The effect of the information exchange as well as the intention behind it is crucial, and these factors, along with a range of other considerations must be analysed before reaching a decision regarding the anti-competitive nature of the information being shared. Information exchange between competitors in a horizontal relationship, by its very nature is problematic, but this does not mean that a blanket prohibition is the solution. Each instance of information exchange must therefore be considered independently and a variety of factors must be considered.
It is crucial for competition authorities to consider the rationale behind the information exchange and the intention of the parties participating in the information exchange. Each instance will need to be considered in light of the industry and market as a whole and taking into account the particular facts. It is not the intention of competition policy to outlaw information exchange per se, but rather to ensure that the information exchanged does not give rise to anti-competitive outcomes.
As competition promotes the welfare of consumers, it aims to protect the competitive process, so that markets work for the benefit of consumers. Effective competition directly benefits consumers, as firms try to win consumers’ business through lower prices, improved quality and greater choice.
Generally speaking, the Act’s first rule about horizontal restraints is a prohibition based on the rule of reason. It prohibits any agreement between parties that substantially prevents or lessens competition unless the agreement can be justified based on technology, efficiency or other procompetitive gains.
It is therefore the responsibility of companies/entities engaged in restrictive practices to prove that their relationship is beneficial to the economy in a broader sense, and that there are gains which outweigh the anti-competitive effects. This would constitute a defence against a horizontal restrictive practice charge.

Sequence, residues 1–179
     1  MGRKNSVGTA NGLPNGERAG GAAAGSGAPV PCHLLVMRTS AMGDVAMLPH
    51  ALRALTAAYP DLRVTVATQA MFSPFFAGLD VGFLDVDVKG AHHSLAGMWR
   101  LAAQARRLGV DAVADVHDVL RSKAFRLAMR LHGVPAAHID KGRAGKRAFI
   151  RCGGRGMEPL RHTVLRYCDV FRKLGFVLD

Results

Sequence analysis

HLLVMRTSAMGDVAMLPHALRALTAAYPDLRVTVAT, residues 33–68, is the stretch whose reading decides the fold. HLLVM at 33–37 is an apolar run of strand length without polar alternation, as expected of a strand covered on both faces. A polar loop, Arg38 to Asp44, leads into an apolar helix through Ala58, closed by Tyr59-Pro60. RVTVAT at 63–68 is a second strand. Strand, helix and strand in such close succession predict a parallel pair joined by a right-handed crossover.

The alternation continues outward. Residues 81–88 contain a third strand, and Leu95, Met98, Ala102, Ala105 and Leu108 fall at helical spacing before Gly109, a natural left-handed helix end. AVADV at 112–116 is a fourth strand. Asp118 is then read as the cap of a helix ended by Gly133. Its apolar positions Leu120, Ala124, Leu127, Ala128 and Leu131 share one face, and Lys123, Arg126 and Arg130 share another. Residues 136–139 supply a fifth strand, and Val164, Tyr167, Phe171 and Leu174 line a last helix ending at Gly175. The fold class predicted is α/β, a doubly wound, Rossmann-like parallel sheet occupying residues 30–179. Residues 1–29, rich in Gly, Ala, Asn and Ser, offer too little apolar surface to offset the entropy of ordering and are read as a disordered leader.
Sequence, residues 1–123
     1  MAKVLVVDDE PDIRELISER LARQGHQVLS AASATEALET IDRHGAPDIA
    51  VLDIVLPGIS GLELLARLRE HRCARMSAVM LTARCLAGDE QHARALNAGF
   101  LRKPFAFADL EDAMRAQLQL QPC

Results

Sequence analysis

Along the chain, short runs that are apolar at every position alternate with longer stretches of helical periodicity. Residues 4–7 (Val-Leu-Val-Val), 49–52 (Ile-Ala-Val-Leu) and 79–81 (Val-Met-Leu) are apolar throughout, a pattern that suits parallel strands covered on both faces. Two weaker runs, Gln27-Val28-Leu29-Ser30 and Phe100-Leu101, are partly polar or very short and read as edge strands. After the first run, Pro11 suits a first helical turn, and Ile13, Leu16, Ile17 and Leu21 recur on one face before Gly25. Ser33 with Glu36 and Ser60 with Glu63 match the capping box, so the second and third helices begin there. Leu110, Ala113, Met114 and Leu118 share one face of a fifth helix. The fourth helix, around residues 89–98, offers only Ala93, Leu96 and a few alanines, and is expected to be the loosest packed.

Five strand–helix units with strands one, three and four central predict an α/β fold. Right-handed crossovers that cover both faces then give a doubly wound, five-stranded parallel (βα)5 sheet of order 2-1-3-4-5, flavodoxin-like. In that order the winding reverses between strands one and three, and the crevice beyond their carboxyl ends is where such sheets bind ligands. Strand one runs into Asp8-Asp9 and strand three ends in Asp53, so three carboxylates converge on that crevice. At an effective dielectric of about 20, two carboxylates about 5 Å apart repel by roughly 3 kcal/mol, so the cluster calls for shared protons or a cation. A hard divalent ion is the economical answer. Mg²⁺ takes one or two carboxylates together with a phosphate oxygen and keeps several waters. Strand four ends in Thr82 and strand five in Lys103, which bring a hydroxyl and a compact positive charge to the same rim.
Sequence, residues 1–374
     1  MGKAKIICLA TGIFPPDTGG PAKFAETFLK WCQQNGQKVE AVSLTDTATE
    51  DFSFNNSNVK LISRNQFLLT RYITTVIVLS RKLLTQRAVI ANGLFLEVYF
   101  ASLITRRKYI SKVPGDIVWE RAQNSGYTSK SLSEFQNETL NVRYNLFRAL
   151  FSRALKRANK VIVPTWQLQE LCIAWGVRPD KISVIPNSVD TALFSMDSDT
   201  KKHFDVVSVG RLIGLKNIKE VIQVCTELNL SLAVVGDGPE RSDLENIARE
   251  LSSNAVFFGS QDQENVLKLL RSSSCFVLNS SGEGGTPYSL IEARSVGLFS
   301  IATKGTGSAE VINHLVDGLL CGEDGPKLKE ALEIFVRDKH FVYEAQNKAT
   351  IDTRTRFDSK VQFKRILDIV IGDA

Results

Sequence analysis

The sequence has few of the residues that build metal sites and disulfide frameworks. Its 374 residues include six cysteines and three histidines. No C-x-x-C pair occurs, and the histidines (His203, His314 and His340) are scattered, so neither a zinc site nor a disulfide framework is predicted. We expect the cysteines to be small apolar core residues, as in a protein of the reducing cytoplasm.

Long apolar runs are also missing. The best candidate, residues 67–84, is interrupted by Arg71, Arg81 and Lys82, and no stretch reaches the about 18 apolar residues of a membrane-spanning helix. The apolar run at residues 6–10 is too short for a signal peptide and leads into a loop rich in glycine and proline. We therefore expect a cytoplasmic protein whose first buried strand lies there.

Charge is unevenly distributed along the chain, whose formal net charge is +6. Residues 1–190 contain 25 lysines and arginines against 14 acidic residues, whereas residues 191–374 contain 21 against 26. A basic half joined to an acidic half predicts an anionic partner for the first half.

The above information now places us in a position to correctly answer the question of whether the actual information shared, (the information of each companies transportation costs), which led to the agreement between the two separate entities, “has the effect of substantially preventing, or lessening, competition in a market…”
If the agreement had the effect of imparting on each entity, an unfair advantage over other competitors in the same industry, then such agreement could very well constitute anti-competitive behaviour.
Based on facts contained in the scenario mapped out above, it is highly likely that these two competitors have substantially lessened competition in the market. Each entity shared inside cost secrets with the other, and agreed to share in each other’s total transportation costs. By doing so, each company’s individual shipping cost is now considerably less than what would have been the case had each entity made use of its own vessel. Consequently, each company’s profit is now greater. Such an increase in profit can wholly and incontestably be attributed to the conclusion of the anti-competitive agreement.
This type of information sharing between competitors leads to co-ordinated conduct in the relevant market, and therefore, in terms of the Act, such an agreement between the companies could very well lessen the competition in the industry.